I do! That’s why we were able to hit the ground running. We were both business owners in the past. We both know how to look at an industry and find the money. We know how to look at something with a subjective eye and know what sells and what doesn’t. You quickly figure out how to make that happen.
The disadvantage is going to be when I’m 50 years old and no one wants to hire me to do a Nike campaign because I’m so out of touch with the athletes. That scared me getting into this business. But then I looked around and the most successful photographers are all in their 50s and 60s. There is no one younger than me.
Are there clear roles in your team?
I’m better with the camera and Cory has a better understanding of lighting. So generally I do the shooting and he handles the lighting. However, everything is discussed and we are constantly in communication. That works out very well because he’s managing our assistants while I’m thinking about the frames composition and directing talent.
If it’s a video we’re both directing but never at the same time. It’s important that there’s only one director. If he has a better angle to the video we’re creating, I’ll tell him to take it and I’ll just be the DP for the day and vice versa.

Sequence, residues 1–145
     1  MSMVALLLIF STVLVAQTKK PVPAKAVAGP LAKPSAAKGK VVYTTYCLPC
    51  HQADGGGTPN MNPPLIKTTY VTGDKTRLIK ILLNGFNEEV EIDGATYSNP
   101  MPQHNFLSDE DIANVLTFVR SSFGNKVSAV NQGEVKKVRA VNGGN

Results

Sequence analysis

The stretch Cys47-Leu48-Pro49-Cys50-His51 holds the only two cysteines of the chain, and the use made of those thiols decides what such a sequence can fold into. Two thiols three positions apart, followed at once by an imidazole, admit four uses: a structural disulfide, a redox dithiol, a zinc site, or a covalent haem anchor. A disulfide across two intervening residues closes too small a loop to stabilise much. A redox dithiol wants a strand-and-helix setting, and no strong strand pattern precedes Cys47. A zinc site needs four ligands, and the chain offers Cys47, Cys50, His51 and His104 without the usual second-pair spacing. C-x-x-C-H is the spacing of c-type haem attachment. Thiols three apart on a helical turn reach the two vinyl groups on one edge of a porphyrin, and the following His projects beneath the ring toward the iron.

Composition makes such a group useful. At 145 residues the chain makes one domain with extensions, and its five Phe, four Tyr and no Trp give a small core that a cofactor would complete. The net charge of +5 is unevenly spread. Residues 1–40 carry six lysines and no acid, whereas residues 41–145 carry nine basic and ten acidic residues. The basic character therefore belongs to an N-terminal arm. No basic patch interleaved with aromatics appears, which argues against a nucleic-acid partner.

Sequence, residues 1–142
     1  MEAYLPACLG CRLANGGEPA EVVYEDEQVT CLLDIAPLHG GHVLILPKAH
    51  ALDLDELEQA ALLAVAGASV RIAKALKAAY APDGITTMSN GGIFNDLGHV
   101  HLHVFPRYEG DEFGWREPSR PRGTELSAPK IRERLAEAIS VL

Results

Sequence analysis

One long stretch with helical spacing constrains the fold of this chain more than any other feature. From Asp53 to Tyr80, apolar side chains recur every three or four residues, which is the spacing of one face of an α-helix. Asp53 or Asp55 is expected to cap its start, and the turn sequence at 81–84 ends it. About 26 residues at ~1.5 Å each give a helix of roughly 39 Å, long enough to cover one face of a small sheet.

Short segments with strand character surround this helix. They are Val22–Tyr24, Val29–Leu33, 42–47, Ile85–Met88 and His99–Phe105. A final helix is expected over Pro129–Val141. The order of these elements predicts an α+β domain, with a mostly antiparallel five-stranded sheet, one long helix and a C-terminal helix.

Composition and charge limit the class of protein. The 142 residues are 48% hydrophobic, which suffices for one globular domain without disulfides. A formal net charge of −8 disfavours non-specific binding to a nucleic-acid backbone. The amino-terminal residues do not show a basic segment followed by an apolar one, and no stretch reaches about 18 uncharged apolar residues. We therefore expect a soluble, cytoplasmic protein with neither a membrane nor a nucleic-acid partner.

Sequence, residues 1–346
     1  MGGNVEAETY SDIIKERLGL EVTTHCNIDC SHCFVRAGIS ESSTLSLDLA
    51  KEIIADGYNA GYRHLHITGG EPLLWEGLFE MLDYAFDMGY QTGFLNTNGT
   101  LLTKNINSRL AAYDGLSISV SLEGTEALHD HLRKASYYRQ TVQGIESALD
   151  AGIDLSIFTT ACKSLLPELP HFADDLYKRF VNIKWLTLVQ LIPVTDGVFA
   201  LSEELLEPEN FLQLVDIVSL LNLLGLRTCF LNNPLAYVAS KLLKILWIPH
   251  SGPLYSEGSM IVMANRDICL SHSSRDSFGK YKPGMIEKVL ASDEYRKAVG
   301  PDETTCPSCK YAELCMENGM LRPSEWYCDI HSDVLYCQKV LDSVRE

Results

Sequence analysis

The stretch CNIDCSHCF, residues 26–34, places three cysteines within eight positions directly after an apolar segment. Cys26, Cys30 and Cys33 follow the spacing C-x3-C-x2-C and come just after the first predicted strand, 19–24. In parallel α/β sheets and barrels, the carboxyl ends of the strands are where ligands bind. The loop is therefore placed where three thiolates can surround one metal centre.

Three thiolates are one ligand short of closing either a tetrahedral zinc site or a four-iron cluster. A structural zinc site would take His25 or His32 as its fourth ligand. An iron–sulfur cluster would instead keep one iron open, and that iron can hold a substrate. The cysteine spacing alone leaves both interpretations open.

And then there is pre and post-production. Cory handles all of the pre-production work which is considerable. I create our look in post and do all the retouching myself but it has become too much for me to handle now so I’ve developed a relationship with another retoucher and we create the style together.
Do you ever shoot alone?
I sometimes shoot by myself. The This Is Not Magritte series was pretty much my project but other than that we’re typically together. I also did the first 40 of our Craigslist Encounters series by myself because I thought it was a good project. Then Cory came on board. Whenever it’s any large construction or commercial job we’re definitely both involved the whole way.